An ethical approach to the digital world has never been so important
The pre-existing trend towards digital innovation has turned into a surge to fulfil our every need in a newly virtual world. However, it has now reached the stage where we are drowning in digital content. There needs to be more focus on ethical delivery of digital content and learning to avoid people feeling overwhelmed, addicted or abused.
Facing the challenge together helps solve the challenge together
Businesses and leaders who have created the most inclusive cultures, functions, and teams handle the crises best. Given the extreme nature of the challenges faced, from COVID-19 to Black Lives Matter and now back to Brexit, systems where you have a diversity of background, approach and thinking will allow for greater success in solving complex problems. Given many of the challenges this year, leaders’ ability to create psychologically safe working environments is crucial.
High-quality interventions are better than blanket approaches and box checks
2020 has also shown us that on some things you just can’t cut corners. Buying bowls of fruit and giving people discounted gym membership does not equate to employee wellbeing. Pushing your top 200 leaders through an online unconscious bias training programme will not change your working culture or provide them with inclusive leadership capabilities. Running employee engagement surveys will not tell you how inclusive your organisation is – especially if the report is placed at the bottom of the HR drawer.
The ‘follow me’ mentality of aping competitor programmes, forming employee resource groups and tasking them with solving the issues, and hiring D&I heads with no budget or authority is on the wane. This has been partly driven by the growing awareness of the commercial benefits of inclusion and growing unrest amongst key stakeholder groups, both externally and increasingly internally. Employees are starting to vote with their feet, and shareholders are starting to use their votes of no confidence in boards with a monoculture. It’s a powerful combination.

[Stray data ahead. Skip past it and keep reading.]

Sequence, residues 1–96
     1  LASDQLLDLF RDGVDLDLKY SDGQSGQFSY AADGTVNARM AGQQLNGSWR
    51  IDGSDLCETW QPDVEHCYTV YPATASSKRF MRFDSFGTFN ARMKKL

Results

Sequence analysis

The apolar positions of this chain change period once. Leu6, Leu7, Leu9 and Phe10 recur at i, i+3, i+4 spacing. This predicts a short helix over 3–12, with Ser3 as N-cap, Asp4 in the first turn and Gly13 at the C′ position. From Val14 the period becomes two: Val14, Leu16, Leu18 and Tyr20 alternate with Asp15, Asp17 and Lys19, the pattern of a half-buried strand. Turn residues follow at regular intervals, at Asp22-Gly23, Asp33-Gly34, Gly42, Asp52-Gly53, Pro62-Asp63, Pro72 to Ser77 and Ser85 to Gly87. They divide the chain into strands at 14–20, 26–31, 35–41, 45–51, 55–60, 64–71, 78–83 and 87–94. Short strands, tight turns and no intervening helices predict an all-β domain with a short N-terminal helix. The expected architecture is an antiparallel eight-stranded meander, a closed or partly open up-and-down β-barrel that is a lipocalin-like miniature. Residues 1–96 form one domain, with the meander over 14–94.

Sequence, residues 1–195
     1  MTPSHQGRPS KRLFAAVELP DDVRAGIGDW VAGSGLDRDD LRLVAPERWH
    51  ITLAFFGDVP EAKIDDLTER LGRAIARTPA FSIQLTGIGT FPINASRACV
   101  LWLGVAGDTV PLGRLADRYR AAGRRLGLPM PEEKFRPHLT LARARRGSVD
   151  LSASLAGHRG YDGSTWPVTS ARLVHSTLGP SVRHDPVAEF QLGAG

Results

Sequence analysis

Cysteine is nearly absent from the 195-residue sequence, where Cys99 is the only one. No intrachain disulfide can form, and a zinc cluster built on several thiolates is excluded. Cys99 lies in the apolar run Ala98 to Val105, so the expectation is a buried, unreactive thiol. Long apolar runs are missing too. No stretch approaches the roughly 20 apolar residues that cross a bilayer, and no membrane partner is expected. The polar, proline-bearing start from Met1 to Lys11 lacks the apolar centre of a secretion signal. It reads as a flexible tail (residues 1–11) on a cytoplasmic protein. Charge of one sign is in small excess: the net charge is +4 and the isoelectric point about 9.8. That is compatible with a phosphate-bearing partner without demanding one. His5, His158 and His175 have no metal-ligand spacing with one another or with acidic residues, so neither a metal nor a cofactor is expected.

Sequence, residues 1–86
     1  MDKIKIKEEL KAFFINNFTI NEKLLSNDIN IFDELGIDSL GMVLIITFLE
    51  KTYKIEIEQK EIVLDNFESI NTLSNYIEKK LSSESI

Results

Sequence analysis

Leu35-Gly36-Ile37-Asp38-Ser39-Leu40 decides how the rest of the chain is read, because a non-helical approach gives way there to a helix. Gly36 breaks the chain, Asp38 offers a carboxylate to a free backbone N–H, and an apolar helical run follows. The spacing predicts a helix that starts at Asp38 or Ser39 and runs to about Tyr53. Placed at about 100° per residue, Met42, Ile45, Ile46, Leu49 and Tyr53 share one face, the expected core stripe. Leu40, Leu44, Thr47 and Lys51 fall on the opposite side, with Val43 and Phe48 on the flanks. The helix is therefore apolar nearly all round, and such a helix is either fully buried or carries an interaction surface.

My strong desire is that rather in 2021 we will see far more meaningful programmes and interventions, such as;
• Leadership frameworks and programmes with inclusive leadership embedded in them
• A balanced approach to inclusion strategies that look beyond gender and considers all strands of diversity and the intersections between them
• A desire to look at deeper systemic challenges and the root causes holding inclusion back, rather than dealing with the symptoms
• Wellbeing programmes for leaders and HR professionals, so that they can properly lead sustainable workplace practices and behaviours
• The rise of holistic diagnostic wellbeing, which consider the multiple complex dimensions of wellbeing
• Coaching-led approaches to help with all of the above
• Leadership teams that value and encourage individuals to take time for reflection, personal growth and collective thinking to solve the most complex problems
• A more thorough understanding of what ethical digital platforms look like.
Above all, with organisations still battling with what’s on now and struggling to look at what’s next, the main focus needs to be tackling the root cause of problems. If organisations stay focused on inclusion activities and wellbeing initiatives that fail to address core problems, they will only deal with the symptoms. Companies who have the courage to go deeper will be empowered to create a safer, healthier and more inclusive workplace. In turn, they will benefit from a happier, more engaged workforce and attract the best talent in all its different dimensions.
By Chris Parke, CEO of Talking Talent